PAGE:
The Cigarette beetle is a very common stored product pest. In our region they are more common in the fall and winter months. As their name implies, the cigarette beetle is a pest of dried tobacco. These pests also feed on book bindings and stored products.
Photo attribution link: CSIRO [CC BY 3.0 (http://creativecommons.org/licenses/by/3.0)], via Wikimedia Commons
The Cigarette Beetle is about 2-4mm in length. The adult is whitish in color, with the head dark brown to tan, and are densely haired. The cigarette beetle closely resembles the drugstore beetle. The cigarette beetle has the head bent down nearly at right angles to the body giving it a humped back appearance when viewed from the side. The larvae are about 4 mm long and somewhat bent.
The adult beetles live from 2 to 4 weeks and during this time the females may deposit between 10-100 eggs. The eggs are laid loosely on the infested material. The larval period usually ranges from four to five months, but under very favorable conditions the development from egg to adult may occur in 6 to 8 weeks. When the larvae are fully grown, pupation occurs and they remain in this resting stage for 12 to 18 days.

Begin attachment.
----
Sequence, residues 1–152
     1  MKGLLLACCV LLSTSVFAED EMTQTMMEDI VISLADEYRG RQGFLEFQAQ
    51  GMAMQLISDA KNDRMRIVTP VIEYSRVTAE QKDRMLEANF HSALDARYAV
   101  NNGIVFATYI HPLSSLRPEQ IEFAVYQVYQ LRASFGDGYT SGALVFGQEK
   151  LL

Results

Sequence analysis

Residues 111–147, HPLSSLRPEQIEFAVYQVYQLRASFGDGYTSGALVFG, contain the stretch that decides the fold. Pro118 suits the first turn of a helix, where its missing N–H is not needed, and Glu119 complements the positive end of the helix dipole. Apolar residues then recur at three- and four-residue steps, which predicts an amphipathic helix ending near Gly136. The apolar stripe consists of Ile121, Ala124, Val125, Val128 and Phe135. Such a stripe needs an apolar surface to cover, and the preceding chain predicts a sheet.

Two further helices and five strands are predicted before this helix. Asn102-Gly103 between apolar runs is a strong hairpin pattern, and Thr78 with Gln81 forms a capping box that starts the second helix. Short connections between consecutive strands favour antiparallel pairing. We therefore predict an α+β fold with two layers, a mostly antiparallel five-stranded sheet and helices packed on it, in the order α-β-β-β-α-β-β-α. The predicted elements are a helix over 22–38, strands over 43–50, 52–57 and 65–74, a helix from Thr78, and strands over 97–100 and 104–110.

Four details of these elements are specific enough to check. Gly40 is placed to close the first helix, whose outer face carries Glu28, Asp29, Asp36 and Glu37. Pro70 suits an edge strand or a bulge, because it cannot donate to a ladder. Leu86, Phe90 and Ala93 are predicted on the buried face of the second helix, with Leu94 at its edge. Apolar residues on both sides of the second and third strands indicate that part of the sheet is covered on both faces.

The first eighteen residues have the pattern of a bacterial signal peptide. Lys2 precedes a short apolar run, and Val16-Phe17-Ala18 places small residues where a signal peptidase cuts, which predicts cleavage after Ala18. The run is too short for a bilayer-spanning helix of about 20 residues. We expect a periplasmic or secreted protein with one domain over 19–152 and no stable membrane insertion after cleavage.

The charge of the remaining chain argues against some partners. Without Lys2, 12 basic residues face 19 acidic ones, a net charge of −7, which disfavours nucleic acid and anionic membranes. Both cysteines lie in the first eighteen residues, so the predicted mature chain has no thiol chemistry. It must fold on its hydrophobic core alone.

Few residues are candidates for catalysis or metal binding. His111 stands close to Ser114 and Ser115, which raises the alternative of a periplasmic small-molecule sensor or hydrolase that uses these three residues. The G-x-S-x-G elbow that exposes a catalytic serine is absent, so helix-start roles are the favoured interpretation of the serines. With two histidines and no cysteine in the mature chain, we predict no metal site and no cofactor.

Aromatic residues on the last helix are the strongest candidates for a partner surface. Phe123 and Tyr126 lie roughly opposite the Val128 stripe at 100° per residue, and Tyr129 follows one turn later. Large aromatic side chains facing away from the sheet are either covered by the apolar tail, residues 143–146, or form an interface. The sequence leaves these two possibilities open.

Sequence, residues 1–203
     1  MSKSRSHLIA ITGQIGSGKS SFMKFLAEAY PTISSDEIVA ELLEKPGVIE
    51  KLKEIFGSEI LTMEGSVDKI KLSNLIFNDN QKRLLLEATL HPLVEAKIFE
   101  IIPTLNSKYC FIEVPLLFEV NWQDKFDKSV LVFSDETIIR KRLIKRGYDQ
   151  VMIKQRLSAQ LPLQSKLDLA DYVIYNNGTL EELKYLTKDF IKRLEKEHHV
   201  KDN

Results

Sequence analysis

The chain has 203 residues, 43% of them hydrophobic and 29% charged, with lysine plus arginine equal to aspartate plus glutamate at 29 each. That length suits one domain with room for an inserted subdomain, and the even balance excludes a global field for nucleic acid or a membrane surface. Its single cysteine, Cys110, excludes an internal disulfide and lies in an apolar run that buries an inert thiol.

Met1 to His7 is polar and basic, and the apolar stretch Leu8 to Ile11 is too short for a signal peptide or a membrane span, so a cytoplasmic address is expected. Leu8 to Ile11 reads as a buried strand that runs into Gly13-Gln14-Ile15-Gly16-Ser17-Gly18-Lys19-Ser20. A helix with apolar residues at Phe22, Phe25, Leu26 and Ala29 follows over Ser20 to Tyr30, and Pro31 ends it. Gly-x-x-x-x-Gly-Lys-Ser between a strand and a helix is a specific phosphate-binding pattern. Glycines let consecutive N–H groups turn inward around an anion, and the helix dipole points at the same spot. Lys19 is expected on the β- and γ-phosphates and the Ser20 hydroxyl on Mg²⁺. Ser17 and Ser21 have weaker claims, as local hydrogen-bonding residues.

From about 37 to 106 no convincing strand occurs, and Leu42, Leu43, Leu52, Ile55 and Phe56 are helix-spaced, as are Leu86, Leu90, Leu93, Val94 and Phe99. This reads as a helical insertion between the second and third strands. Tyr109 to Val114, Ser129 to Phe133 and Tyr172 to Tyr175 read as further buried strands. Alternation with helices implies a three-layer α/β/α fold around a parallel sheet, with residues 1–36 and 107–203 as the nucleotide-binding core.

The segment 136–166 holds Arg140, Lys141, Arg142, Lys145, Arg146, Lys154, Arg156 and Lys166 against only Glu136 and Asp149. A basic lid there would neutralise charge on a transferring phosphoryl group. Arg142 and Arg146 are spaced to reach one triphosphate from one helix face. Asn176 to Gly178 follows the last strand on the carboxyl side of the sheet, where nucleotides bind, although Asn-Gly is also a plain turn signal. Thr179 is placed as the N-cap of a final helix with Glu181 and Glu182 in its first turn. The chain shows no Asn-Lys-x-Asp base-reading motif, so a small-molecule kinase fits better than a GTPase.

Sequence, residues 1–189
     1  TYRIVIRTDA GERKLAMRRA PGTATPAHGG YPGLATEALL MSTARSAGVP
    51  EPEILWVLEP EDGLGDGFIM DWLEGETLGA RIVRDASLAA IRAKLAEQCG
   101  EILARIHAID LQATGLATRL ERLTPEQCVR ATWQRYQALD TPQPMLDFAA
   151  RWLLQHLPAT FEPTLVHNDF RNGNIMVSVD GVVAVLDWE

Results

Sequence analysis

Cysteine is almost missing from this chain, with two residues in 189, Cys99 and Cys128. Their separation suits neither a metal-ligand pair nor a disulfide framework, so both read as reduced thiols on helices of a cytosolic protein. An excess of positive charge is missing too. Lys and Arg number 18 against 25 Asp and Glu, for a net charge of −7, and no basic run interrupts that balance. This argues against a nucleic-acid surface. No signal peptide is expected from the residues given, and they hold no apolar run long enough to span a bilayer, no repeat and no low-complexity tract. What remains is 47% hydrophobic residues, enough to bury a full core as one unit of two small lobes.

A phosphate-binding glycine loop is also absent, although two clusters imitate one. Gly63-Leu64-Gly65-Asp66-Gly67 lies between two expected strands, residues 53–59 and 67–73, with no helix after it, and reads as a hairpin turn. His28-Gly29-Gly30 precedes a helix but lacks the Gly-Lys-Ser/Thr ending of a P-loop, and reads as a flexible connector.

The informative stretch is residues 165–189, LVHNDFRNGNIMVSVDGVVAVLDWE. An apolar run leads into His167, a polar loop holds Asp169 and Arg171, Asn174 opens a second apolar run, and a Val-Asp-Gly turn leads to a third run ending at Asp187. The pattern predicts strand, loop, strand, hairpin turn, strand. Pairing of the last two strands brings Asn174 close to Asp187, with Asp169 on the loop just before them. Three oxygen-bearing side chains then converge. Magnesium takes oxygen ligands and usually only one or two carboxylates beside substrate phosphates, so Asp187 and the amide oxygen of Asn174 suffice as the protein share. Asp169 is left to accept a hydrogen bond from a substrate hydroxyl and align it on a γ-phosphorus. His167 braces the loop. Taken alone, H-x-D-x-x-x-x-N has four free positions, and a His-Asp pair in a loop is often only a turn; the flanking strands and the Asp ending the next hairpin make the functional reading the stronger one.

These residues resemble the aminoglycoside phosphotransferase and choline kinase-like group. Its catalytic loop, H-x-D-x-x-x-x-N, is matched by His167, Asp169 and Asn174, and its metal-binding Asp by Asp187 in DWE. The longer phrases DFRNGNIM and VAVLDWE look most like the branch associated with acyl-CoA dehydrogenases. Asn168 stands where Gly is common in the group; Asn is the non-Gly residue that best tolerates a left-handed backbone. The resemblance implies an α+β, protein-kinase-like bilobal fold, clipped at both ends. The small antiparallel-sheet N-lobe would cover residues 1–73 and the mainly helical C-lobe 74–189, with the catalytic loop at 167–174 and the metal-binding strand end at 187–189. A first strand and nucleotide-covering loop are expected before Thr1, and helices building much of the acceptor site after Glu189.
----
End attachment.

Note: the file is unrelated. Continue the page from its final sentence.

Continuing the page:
The Cigarette Beetle feeds off tobacco, dry stored food products, spices, seeds, grains and dried plant material. They have also been reported in rice, dried potatoes, paprika, raisins, grain-based mouse bait and dried straw flowers. Adult beetles often wander away from infested materials and may be found throughout the area. Even though these stored product pests prefer to feed on tobacco products, they will attack a broad range of food items. Inspection is a must. Look in nearby food products such as pet food, seeds and seasonings, dried fruits, cottonseed meal, pepper, paprika, chili dried fish, ginger, dates, raisins, pasta, and seeds, dry flower arrangements. Because of their ability to infest a variety of food products, cigarette beetles are difficult to control.